Bone Scan is recommended for a select group of patients to detect occult scaphoid fractures when clinical suspicion is high and x-ray results are negative.Indications – At least 48 hours after the accident, as long as the clinic is still suspecting a scaphoid fracture.

    Motives for the Recommendation

    For the majority of patients with scaphoid fractures, bone scans are not necessary for evaluation; however, in patients who have a clinical suspicion of scaphoid fracture but negative x-rays, bone scans may help in securing an earlier diagnosis, obviating prolonged splinting in those without a fracture. Therefore, bone scans are advised for these particular patients.

Medications of Hand, Wrist and Forearm Injuries

Ibuprofen, naproxen, or other NSAIDs from an earlier generation are suggested as first-line treatments for the majority of patients. For patients who are not candidates for NSAIDs, acetaminophen (or the analogue paracetamol) may be a viable alternative, even though the majority of research indicates it is only marginally less effective than NSAIDs.

There is proof that NSAIDs are less dangerous and just as effective at treating pain as opioids, such as tramadol.

  1. Non-Steroidal Anti-inflammatory Drugs (NSAIDs) for Treatment of Acute, Subacute, or Chronic Scaphoid Fractures Pain

    Non-Steroidal Anti-inflammatory Drugs (NSAIDs) for Treatment of Acute, Subacute, or Chronic Scaphoid Fractures Pain is recommended for the treatment of pain from scaphoid fractures that is acute, subacute, or chronic.Indications – NSAIDs are advised as a treatment for the acute, subacute, or chronic pain associated with Scaphoid fractures.First, try over-the-counter (OTC) medications to see if they work.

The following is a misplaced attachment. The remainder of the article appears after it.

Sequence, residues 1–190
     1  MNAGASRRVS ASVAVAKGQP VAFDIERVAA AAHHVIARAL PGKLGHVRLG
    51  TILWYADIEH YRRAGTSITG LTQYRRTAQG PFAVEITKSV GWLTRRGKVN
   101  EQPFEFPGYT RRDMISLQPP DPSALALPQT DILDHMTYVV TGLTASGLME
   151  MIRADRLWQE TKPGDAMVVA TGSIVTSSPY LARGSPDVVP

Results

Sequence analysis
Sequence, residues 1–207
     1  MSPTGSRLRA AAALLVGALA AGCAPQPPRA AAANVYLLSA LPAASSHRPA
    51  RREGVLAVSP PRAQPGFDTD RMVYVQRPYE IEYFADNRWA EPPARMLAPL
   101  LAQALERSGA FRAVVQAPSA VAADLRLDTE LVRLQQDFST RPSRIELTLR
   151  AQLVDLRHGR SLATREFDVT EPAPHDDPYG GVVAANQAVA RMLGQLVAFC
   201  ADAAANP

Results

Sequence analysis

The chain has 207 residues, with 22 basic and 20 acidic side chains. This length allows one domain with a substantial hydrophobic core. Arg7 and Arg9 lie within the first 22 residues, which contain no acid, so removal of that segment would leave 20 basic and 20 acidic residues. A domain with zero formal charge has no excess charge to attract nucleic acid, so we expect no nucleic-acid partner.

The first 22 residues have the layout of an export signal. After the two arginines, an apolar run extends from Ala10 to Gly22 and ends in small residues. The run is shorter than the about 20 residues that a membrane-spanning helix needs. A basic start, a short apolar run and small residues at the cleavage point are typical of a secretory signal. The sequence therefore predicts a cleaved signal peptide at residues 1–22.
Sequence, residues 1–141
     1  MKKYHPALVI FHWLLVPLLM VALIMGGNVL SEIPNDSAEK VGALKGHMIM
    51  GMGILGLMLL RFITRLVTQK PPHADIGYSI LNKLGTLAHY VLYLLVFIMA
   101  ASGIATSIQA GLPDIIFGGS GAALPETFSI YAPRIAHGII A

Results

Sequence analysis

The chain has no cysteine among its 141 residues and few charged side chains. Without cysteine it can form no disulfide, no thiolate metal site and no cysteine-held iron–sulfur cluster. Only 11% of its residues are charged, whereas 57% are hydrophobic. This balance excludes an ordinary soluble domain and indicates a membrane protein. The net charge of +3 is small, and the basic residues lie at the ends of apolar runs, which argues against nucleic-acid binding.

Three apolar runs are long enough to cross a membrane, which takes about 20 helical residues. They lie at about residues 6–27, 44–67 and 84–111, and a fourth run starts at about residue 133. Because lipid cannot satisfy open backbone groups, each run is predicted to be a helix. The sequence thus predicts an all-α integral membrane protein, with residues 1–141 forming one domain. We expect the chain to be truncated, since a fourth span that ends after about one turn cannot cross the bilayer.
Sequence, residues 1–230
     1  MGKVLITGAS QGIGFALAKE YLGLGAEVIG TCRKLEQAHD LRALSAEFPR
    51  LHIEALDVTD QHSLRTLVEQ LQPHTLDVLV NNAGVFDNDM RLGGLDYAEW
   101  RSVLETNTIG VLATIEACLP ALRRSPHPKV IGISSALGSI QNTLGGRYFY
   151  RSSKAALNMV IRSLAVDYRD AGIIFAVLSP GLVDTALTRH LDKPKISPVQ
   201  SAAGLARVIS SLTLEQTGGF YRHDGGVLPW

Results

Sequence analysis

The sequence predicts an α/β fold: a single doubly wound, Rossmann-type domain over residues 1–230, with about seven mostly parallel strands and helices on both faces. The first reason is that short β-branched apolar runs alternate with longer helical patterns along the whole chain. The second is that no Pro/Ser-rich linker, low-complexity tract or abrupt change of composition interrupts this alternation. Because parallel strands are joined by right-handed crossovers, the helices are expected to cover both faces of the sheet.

Frequency/Duration: Many patients might find it reasonable to use as needed. warning signs ofDiscontinuation: discontinuation is necessary due to symptom resolution, ineffectiveness, or the emergence of side effects.

     

  2. NSAIDs for Patients at High Risk of Gastrointestinal Bleeding

    NSAIDs for Patients at High Risk of Gastrointestinal Bleeding is recommended for patients at high risk of gastrointestinal bleeding to take misoprostol, sucralfate, histamine Type 2 receptor blockers, and proton pump inhibitors concurrently.Indications: Cytoprotective drugs should be taken into consideration for patients with a high-risk factor profile who also have indications for NSAIDs, especially if a longer course of treatment is planned.

    Patients who have a history of gastrointestinal bleeding in the past, the elderly, diabetics, and smokers are at risk. Frequency/Dose/Duration:H2 blockers, misoprostol, sucralfate, and proton pump inhibitors are advised. dosage recommendations from the manufacturer. It is generally accepted that there are no significant differences in effectiveness for preventing gastrointestinal bleeding.

    Signals of Discontinuation Intolerance, the emergence of negative effects, or the stopping of NSAIDs.

     

  3. NSAIDs for Patients at Risk for Cardiovascular Adverse Effects